From an editor’s perspective? Getting the elements to work in sync. The words, yes, but making sure the illustrations also advance the story. I still see a lot of books where the illustrations are just restating what’s in the text. I prefer the more adventurous path of having the illustrations contribute in a meaningful way and extend the story. I suppose it’s easier if it’s a book by one author/illustrator, but it certainly can be done if there’s a separate author and illustrator involved.
A good example of this is School’s First Day of School by Adam Rex, illustrated by Christian Robinson. It’s a familiar trope, the first day of school, but exciting because it tells the story from the school’s perspective. He’s newly built, nervous and has to come to terms with all the new kids he’ll meet. It’s a perfect approximation of what a kid experiences. In Adam’s text (which is his first, I think, that he hasn’t also illustrated) every beat is perfect. Christian Robinson’s childlike (but not childish) art gives the school building emotions. I didn’t want a big building with bug eyes or whatever. He subtly conveys feelings and thoughts in an inanimate object by an open door or window for example.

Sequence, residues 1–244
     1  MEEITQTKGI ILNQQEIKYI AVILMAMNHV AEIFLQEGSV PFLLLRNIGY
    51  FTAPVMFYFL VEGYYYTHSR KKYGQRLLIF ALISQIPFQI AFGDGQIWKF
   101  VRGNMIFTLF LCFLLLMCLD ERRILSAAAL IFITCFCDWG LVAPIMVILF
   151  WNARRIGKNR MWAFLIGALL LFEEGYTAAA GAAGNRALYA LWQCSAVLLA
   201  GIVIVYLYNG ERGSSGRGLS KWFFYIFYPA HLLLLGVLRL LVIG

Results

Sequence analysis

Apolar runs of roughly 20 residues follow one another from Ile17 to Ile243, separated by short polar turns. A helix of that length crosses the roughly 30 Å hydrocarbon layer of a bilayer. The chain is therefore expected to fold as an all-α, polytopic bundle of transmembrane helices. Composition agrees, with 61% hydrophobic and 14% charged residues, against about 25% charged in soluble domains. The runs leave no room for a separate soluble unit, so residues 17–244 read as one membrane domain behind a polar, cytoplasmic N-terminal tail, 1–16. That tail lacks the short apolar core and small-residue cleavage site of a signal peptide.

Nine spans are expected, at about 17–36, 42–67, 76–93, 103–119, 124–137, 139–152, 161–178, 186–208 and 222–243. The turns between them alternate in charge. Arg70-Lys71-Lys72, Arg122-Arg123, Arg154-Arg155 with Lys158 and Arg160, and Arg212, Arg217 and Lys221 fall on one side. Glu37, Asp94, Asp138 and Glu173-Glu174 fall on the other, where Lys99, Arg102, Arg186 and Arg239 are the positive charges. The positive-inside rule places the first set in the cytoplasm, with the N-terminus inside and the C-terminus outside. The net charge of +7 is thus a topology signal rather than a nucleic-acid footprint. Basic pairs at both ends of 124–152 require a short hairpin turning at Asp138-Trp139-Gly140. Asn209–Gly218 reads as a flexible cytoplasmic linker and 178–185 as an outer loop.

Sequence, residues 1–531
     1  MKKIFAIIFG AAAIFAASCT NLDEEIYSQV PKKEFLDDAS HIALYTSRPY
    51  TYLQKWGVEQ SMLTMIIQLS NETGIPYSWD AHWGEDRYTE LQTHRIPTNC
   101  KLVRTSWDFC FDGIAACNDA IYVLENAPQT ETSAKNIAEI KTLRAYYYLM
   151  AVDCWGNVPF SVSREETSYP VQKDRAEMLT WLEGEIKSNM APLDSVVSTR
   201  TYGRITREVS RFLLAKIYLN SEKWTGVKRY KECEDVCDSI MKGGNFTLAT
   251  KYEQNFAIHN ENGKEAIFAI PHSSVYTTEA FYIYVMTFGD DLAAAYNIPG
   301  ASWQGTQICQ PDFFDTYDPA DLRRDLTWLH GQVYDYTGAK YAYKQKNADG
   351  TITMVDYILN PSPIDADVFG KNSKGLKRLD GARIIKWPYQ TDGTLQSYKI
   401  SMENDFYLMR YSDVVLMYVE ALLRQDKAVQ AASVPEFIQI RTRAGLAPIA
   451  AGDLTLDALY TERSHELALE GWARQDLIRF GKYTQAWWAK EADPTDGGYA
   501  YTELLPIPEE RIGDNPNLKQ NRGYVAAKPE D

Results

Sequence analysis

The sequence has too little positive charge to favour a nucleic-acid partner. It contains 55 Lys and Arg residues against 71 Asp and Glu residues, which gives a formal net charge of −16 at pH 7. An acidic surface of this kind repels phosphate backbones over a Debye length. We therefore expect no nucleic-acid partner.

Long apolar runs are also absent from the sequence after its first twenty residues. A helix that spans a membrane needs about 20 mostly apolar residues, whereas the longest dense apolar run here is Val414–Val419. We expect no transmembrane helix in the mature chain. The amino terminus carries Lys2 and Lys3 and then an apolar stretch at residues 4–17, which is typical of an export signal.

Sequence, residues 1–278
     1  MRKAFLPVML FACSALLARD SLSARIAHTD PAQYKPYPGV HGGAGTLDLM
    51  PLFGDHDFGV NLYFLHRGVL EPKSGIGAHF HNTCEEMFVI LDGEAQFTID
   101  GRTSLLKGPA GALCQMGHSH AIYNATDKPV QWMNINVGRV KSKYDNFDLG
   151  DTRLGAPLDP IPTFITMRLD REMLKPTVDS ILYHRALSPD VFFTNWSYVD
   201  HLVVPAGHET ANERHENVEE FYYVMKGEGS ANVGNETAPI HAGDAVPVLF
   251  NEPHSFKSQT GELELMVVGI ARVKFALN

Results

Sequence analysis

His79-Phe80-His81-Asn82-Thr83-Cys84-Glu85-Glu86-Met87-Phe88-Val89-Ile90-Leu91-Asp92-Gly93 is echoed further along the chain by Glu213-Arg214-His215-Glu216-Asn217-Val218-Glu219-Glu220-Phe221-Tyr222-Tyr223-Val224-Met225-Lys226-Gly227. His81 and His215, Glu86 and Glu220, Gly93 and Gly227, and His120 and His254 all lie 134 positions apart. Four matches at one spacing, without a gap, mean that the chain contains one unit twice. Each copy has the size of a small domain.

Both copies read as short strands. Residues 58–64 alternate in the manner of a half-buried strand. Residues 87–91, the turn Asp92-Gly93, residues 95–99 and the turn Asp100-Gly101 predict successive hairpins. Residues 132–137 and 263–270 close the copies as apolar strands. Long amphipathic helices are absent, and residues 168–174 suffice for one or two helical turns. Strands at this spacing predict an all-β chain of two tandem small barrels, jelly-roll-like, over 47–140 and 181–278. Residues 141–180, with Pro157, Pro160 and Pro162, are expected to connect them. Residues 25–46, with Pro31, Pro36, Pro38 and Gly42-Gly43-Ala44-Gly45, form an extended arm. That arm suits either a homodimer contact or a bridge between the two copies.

Your imprint’s books have won every major award (most of them more than once.) When a book isn’t reviewed well or doesn’t get the readership or market attention you think it deserves, what do you tell yourself? What do you tell your authors and illustrators? How do you avoid taking that personally?
That’s very hard. It’s hard not to take it personally but the wonderful thing about this business is that it is so personal. There are real human beings at every level writing, illustrating, editing, producing and reviewing. I guess I’ve been at this so long I’m thick skinned. But there is a kind of sadness that creeps in when you feel that others just aren’t seeing the book the way you did. What I tell my authors and illustrators is that I’m enormously proud and know they’ve made a lasting contribution to children’s literature. And, well, to hell with what everyone else thinks! I know that no matter how much noise is out there, how many tongues wag, or what’s on those “Mock Caldecott” lists, opinions are not all the same. And even if a book doesn’t get six starred reviews, it can find an audience.
Which picture book trends do you like currently and which could you do without?